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Women’s Cinema, Feminist Cinema, The Female Gaze: Aren’t They All The Same?

Angélique Babineau

Voices Editor



Chantal Akerman shooting the documentary Grandmothers


As a Cinema and Communications student, my favourite part of the semester is, by far, scrolling through course outlines, eager to discover the movies that will contribute to the expansion of my film repertoire. However, there is one thing that has left me, semester after semester, rather bitter. Approaching the end of my penultimate semester, for my final term, I wish to avoid an outline that promises to allocate a week of class to “women’s cinema.”


Apart from assigning merely four hours to a particularly complex history, the issue with the label of “women’s cinema,” which is meant to include all films made by women, is that it is often wrongly presented as feminist filmmaking. Feminism, by definition, is a political movement that advocates for gender equality. Therefore, a feminist film is a work that is characterized by its transmission of that very message. By virtue of being directed by a woman, a film does not become feminist as not every woman is a feminist and not all feminists are women. For a movie to be feminist, it has to criticize and educate its audience on the gender dynamics and imbalances of our society. The film has to clearly pose a social commentary on the inadequate depiction of the female experience in mainstream films for it to fall into that category. Simply categorizing a film made by a woman as “feminist” is both misleading and disrespectful to the work of those who actually use their art as a political tool.


Moreover, in the context of filmmaking, feminism is heavily intertwined with the concept of the “female gaze,” which designates a specific type of film. The “male gaze,” first coined by Laura Mulvey in her 1975 essay Visual Pleasure and Narrative Cinema, refers to the idea that, historically, mainstream films were made by men for a male audience, resulting in the fetishization and objectification of women. Contrarily, the female gaze refers to the way in which women are portrayed in movies, through the eyes of female filmmakers, but in a manner that comments on the androcentric perspective. Simply adding a female protagonist is not enough and nor is treating a female character with dignity and humanity: it is the bare minimum. Feminism within cinema should be looked at with importance rather than as a passing trend within the mainstream film industry. As Sofia Betancourt Amor, a 19-year-old Cinema and Communications student puts it, “within the current Hollywood scene, there are certain tropes, like the pretty, but sad [archetype], that are still present in the representation of women, sometimes even in what is presented as ‘feminist.’” Throwing labels around without fully grasping their meaning allows for the industry to capitalize on movements and ultimately impinges upon the feminist discourse.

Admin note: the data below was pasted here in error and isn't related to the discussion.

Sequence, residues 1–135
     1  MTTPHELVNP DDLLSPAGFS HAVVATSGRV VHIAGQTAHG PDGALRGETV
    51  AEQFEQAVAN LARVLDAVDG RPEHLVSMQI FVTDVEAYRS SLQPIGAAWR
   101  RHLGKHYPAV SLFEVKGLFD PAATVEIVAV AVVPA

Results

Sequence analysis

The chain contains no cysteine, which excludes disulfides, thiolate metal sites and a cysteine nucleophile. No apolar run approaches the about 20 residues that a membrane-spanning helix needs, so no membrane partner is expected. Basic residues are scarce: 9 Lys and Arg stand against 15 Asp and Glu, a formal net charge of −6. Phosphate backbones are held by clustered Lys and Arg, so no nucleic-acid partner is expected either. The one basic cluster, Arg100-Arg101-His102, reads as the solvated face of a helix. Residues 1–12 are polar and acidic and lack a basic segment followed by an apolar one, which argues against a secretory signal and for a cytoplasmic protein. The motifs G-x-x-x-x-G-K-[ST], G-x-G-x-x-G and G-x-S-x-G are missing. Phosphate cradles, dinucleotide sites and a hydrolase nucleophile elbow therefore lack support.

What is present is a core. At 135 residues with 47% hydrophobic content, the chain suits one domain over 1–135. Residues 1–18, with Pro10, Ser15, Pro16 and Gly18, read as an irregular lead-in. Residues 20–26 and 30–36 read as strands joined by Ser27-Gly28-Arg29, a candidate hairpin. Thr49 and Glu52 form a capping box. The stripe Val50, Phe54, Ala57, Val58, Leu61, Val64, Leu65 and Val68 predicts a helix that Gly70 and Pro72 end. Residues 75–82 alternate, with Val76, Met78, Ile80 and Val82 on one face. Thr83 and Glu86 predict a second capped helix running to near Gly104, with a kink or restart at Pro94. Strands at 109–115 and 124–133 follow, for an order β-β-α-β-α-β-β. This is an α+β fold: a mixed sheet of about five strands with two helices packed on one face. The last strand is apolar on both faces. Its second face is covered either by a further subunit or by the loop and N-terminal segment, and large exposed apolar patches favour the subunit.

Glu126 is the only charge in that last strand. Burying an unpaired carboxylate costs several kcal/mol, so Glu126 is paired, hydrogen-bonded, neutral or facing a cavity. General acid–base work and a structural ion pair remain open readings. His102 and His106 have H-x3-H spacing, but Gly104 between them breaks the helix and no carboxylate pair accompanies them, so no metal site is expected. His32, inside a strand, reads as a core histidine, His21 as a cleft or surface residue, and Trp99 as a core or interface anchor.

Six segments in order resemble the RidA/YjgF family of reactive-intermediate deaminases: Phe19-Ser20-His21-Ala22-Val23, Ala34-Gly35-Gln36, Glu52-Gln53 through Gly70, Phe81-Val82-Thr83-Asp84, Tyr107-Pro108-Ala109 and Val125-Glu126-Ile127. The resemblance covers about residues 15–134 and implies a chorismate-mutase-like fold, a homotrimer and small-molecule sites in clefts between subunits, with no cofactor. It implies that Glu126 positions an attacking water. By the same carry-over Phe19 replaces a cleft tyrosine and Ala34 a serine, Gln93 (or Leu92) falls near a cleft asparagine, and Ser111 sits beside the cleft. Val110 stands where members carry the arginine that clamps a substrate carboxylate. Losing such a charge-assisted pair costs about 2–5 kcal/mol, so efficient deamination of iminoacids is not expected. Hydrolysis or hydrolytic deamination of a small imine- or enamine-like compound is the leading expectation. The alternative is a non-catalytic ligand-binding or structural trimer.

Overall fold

Furthermore, the label of “women’s cinema” employed to refer to a subgenre of cinema, which features every female-directed film into a single category, is degrading and belittling. The categorization of films directed by women as “women’s cinema,” combined with the labelling of movies made by men as just “cinema,” implies that cinema, at its core, is a male art. Not only is that assessment untrue, but it completely disregards the very history of the seventh art. Since the beginnings of cinema, women have been heavily involved in the making of films. Although mostly shunned from directing major productions, for decades, women have been the invisible pillars of the industry. From costume designing to editing or scriptwriting, cinema as we know it would not exist without women. But even aside from ignoring the past, presenting “women’s cinema” as a subcategory of film, similarly to what horror, science-fiction or comedy films represent, dismisses the work of women as secondary in the world of the superior androcentric cinema.


“What if I just want to make a movie? My gender should not matter. My film should not be subjected to my gender,” says Betancourt Amor. The double standard in the labelling of cinema for men and women additionally suggests that, while men’s films fall into a plethora of genres and categories, a woman’s art is only relevant in relation to her gender. A woman’s existence is not solely dependent on the way she experiences her femininity. Femininity is felt differently by all women. While some female directors will choose to use their art to express and speak about their experience as women, some desire to capture other themes. Overgeneralizing the work of women overlooks the uniqueness of each work and hinders critical thinking. Films made by women should be treated with the same attention as those made by men and deserve the same level of praise and/or criticism.


As a feminist, I do believe that concepts such as “women’s cinema,” “feminist cinema,” and “the female gaze” are essential when discussing cinema and its history, but that they should be regarded as nuanced and complex subjects, rather than as simple and straight-forward categories.



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